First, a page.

Competing Climate Policies
In this thesis, I investigate the strategic provision of a public good in a dynamic setting. The public good in question is reduced emissions of greenhouse gases, which limits the public bad of climate change. Emissions can be reduced both through demand- and supply-side policies, and countries differ in which type of policy they prefer. Two stylized models are developed, with consumer countries that consume fossil fuels, but produce none, and producer countries that produce fossil fuels, but consume none.
In the first model, a producer country that does not care about the climate interacts with consumer countries that do. It is shown that even though the producer country does not care about the climate, it reduces production in order to limit emissions.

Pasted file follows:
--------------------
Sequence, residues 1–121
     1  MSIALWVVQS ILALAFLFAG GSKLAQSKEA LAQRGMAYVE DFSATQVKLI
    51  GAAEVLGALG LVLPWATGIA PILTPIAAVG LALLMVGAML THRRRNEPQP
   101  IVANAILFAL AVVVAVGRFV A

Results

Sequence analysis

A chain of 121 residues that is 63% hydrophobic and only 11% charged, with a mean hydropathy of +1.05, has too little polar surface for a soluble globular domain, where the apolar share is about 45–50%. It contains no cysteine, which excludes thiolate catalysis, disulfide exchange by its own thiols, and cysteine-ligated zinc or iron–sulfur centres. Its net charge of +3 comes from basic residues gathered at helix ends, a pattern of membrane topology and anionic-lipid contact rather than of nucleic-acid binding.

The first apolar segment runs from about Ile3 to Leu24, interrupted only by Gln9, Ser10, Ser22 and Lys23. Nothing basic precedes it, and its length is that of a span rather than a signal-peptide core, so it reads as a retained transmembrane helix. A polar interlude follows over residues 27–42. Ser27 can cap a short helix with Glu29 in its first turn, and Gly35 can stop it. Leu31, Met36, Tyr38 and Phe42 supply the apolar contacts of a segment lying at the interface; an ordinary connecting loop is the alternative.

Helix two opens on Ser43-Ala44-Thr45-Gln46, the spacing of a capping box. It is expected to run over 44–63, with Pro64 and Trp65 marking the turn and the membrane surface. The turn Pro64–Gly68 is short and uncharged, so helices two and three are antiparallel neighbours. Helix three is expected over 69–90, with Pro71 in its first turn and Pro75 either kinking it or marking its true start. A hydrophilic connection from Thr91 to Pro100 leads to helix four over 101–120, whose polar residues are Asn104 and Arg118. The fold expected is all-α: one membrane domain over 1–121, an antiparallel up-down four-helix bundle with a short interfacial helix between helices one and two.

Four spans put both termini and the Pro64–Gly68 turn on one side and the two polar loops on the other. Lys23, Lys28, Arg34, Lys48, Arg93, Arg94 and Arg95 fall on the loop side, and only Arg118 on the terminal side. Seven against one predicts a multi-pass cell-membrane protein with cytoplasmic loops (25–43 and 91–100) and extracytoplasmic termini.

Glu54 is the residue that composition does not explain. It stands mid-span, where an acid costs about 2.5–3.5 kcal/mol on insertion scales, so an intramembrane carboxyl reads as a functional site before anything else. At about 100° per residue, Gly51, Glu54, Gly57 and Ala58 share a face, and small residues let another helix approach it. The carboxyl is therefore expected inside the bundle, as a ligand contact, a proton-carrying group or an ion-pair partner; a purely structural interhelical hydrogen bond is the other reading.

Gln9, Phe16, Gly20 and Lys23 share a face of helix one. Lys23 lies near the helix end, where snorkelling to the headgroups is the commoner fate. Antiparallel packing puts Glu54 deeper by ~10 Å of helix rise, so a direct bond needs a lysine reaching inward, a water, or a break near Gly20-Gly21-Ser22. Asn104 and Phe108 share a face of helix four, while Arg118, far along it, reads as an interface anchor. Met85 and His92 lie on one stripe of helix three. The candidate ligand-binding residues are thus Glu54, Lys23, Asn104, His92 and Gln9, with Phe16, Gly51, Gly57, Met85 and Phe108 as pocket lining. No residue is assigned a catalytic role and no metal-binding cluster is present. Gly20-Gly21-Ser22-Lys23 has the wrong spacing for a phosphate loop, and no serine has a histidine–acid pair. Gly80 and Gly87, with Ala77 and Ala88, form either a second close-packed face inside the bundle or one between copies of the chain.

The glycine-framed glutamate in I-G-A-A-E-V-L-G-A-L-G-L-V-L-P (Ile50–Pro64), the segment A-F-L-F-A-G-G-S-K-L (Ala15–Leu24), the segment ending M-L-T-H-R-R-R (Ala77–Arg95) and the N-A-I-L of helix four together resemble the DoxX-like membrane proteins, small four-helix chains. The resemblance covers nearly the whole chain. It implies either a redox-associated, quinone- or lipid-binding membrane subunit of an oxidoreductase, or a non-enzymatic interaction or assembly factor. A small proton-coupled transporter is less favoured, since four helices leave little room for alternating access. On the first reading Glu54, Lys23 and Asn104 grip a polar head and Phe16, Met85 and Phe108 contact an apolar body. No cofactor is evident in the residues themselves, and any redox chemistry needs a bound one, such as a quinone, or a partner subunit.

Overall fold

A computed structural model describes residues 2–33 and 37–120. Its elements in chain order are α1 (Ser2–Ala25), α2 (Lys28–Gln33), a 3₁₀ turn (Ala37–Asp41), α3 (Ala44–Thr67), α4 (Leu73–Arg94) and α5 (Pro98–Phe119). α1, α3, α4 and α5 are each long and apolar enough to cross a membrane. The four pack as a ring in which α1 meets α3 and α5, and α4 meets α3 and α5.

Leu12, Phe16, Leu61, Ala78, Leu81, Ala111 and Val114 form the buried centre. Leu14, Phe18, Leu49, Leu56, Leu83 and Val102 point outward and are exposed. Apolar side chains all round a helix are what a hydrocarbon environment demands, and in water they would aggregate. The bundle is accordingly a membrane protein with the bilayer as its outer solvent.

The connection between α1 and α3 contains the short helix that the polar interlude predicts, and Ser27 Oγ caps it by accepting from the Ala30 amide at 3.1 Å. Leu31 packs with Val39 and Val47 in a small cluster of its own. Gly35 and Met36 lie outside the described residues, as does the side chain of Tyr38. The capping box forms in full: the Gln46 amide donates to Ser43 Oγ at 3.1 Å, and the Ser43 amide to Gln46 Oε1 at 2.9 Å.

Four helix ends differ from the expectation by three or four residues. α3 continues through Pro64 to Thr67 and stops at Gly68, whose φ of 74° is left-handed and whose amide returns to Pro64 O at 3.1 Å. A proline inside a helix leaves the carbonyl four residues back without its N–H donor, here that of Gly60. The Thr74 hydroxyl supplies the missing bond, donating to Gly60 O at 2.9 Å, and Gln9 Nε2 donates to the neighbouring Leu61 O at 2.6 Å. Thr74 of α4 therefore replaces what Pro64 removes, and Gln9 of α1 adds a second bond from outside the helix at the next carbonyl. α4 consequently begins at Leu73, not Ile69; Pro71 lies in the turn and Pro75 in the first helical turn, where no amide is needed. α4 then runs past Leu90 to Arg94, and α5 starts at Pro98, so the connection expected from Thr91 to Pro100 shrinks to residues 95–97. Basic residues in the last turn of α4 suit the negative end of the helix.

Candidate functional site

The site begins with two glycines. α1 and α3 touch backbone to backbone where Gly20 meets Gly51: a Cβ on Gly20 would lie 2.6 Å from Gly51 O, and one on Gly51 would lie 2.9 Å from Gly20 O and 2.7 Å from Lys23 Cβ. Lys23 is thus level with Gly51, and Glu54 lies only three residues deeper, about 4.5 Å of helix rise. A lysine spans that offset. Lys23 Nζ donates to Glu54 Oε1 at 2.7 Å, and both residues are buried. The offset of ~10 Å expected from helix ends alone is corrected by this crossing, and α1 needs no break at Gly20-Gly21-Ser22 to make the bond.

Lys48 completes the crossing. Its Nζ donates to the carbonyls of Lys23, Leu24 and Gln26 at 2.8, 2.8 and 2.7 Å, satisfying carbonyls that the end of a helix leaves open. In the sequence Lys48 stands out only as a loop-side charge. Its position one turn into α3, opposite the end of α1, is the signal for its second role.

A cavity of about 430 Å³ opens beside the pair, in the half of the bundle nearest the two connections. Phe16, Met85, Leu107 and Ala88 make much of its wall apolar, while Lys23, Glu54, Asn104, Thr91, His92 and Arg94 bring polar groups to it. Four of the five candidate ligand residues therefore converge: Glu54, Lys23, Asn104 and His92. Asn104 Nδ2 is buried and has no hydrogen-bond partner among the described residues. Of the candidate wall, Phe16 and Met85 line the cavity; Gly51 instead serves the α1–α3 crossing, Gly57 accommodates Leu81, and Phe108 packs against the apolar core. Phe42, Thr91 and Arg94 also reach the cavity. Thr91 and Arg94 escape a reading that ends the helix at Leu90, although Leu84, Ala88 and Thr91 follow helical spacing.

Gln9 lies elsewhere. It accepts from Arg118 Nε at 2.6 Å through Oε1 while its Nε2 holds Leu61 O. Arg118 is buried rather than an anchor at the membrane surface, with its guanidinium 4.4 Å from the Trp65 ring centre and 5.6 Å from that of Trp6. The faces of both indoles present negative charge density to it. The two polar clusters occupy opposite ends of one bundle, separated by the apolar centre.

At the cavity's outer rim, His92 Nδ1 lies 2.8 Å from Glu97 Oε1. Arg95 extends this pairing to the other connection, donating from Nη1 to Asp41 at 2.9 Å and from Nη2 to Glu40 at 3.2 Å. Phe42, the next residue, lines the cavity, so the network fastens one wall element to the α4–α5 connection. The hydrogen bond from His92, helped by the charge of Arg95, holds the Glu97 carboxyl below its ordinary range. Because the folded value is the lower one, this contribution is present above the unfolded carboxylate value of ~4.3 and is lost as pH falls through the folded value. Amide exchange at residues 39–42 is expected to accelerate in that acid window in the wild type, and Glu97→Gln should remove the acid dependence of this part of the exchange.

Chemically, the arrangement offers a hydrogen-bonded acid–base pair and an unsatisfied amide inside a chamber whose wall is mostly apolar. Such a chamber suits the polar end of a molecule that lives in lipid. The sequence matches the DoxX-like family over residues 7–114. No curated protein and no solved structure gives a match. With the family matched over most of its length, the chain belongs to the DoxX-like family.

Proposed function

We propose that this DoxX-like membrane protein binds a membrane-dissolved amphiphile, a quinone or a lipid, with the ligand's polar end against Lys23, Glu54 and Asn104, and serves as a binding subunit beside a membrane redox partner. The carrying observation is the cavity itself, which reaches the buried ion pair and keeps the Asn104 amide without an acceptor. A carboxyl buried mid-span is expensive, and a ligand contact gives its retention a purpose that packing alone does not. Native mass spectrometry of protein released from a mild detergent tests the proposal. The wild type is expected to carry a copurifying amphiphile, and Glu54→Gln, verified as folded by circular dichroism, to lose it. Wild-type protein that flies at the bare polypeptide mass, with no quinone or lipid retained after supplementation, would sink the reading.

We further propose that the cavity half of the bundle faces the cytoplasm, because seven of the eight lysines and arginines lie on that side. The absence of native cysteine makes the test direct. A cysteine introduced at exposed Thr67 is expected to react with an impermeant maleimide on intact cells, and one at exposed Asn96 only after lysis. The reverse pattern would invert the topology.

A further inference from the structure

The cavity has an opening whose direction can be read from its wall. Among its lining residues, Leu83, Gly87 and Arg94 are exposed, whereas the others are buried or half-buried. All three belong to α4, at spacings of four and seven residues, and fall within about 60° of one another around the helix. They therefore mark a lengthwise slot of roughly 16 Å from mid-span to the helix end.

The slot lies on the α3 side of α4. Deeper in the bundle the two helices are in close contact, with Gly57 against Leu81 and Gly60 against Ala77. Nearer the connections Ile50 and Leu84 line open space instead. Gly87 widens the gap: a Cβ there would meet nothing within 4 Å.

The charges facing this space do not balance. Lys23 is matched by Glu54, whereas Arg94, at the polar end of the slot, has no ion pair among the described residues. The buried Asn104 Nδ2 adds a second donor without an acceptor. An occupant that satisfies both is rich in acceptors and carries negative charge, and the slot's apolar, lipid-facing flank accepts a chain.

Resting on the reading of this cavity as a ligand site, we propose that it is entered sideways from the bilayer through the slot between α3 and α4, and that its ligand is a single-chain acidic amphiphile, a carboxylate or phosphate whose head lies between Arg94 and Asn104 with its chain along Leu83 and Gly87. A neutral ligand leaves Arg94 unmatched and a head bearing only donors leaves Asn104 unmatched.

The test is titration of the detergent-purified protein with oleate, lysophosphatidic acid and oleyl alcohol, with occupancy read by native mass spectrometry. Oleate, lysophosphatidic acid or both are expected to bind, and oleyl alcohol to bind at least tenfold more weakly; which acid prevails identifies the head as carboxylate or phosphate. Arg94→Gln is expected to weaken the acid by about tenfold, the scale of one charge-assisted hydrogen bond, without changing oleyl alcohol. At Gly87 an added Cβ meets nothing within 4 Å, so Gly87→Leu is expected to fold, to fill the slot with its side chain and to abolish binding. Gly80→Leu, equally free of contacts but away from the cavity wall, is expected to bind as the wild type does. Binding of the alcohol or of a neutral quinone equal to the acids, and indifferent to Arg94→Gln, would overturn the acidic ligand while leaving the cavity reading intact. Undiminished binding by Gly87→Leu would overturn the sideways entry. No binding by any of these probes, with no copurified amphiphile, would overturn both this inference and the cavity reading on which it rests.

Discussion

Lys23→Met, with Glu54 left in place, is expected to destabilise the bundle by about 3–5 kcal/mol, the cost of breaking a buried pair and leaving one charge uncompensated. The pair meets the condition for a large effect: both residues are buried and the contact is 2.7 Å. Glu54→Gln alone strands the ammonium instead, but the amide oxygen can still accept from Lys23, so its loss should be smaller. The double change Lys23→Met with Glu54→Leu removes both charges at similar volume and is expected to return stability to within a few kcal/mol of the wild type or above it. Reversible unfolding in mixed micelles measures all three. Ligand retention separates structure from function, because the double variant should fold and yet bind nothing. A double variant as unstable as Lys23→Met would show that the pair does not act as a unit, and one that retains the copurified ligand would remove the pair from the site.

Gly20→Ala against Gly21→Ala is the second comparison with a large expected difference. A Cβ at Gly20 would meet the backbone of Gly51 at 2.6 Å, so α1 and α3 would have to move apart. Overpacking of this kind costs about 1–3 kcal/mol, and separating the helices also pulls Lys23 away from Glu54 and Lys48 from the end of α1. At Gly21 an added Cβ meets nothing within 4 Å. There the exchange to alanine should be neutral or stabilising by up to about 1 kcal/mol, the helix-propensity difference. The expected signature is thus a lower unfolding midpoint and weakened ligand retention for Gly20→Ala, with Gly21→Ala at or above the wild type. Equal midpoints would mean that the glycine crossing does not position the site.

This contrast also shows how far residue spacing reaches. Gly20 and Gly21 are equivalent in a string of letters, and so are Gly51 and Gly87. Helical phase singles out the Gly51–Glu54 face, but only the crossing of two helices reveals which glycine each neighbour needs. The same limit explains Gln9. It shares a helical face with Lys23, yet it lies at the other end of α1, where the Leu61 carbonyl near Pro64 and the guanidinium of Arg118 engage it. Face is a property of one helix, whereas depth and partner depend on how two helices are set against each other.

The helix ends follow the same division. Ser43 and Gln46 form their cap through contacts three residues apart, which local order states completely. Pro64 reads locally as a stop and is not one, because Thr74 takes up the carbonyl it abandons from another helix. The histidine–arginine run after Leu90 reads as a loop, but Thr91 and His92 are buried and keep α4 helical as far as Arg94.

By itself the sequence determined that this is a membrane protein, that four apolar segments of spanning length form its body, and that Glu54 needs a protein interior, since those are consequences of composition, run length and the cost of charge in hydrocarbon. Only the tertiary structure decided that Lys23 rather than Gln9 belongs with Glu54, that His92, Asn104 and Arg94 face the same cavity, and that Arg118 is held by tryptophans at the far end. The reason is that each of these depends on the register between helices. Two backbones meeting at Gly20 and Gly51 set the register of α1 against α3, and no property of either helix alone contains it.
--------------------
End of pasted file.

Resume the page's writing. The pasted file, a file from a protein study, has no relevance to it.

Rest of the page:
In the second model, both producer and consumer countries care about the climate. It is shown that the nature of future climate policies matters for emissions today. Between countries that prefer the same type of climate policy, the dynamic public good problem is aggravated. However, between countries that prefer different types of policies, the dynamic public good problem is alleviated.